The list of strengths Kevo brings to the table are substantial, including:

  • Kwikset Partnership: If Kevo is a success, it will not be due to its technical attributes. Rather it will be because Kwikset has the manufacturing and distribution resources to bear where alternative offerings have trouble. In terms of product support, technical service, and brand recognition, Kevo does not need to reinvent entire portions of its business - it simply can leverage what Kwikset already has in place.
  • Key Management: Issuing 'eKeys' happens via Kevo's app, with access definable only during times you select. 
  • Alerts: Even with the lock offline, a phone's app is used as a 'relay' to notify when access is granted through the door, and by whom.
  • SmartKEY: Despite being an entirely new deadbolt, the Kevo can be changed by the user to match the customer's other locks, so existing keys for 'non-Kevo' doors can be used in the Kevo lock.

Cons

However, despite those advantages, Kevo has some troublespots:

  • Must have BLE & 'Location Services' On: In order to work, iPhones must have both of these options turned on, and both are notorious battery hogs, potentially draining hours of time from a device between charges.
  • No remote accessibility:Unlike similar 'smart locks', there is no way to remotely lock or unlock the door. The user must physically be within range and touch the lock to perform either step.
  • DIY Install: While not terribly complex for most, some potential end users could be caught off-guard by needing to replace their own lock, and if the door itself is out of alignment or warped, it may require skills beyond 'DIY' to install.

Comparing Smart Door Locks

Suddenly, the race is on to replace your door locks, and there are a number of competing options in varying stages of development:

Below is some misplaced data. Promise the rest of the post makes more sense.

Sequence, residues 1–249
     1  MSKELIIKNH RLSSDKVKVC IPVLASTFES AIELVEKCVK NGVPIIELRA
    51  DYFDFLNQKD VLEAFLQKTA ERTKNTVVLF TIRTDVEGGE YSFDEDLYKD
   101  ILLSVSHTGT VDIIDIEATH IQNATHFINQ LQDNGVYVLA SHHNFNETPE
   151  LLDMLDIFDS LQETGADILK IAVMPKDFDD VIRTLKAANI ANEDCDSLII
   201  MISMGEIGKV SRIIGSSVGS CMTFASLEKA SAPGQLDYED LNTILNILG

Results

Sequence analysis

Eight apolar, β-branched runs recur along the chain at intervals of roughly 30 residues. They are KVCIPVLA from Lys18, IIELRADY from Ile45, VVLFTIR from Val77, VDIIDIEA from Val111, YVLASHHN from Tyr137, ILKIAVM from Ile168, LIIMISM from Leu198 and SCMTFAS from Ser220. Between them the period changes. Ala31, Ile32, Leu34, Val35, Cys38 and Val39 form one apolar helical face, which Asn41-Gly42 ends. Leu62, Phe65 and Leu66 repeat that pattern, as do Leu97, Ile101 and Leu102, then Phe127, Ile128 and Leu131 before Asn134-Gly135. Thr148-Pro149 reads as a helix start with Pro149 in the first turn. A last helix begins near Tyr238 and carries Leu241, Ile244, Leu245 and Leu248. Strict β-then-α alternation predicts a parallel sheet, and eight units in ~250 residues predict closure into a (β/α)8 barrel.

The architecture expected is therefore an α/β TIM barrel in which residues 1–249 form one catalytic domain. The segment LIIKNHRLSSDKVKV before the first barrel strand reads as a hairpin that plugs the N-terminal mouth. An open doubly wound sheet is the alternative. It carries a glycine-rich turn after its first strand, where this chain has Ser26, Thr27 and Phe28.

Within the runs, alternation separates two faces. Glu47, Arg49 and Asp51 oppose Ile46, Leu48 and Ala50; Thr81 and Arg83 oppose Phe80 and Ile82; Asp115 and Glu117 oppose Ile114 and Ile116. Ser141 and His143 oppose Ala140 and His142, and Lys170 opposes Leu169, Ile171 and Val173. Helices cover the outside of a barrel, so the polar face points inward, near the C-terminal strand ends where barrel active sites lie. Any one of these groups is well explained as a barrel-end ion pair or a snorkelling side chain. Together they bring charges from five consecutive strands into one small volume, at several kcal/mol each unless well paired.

• Lockitron: While the device is remotely accessible and less expensive than Kevo at $179, the product has missed several development and production milestones, and is not yet shipping. While Kevo claims it will start shipping pre-orders next month, Lockitron recently pushed their date back to late fall/early winter of 2013.
  • Goji: Essentially, 'Goji' is the premium lock in this category, with an integrated camera and user LED display part of the lock, but it also costs the most, with pre-orders costing $250, and post-release prices rising higher. Goji also claims the same 'keyless' entry method as Kevo, but is online and will send picture snapshots with log notifications. However, like many of these new products, the shipping date has been pushed back several times. The most recent projected ship date for Goji is estimated at January 2014
  • Yale Z-Wave Deadbolt: Indeed, one of the only 'smart locks' actually shipping at current is Yale's ~$250 Z-Wave offering. Unlike the other 'smart lock' offering, a Z-Wave device requires additional networking equipment and hardware, usually a hub or enhanced alarm panel. While other products offer remote accessibility with a free app or web portal, access to Yale's offering is typically through a subscription based service like Total Connect 2.0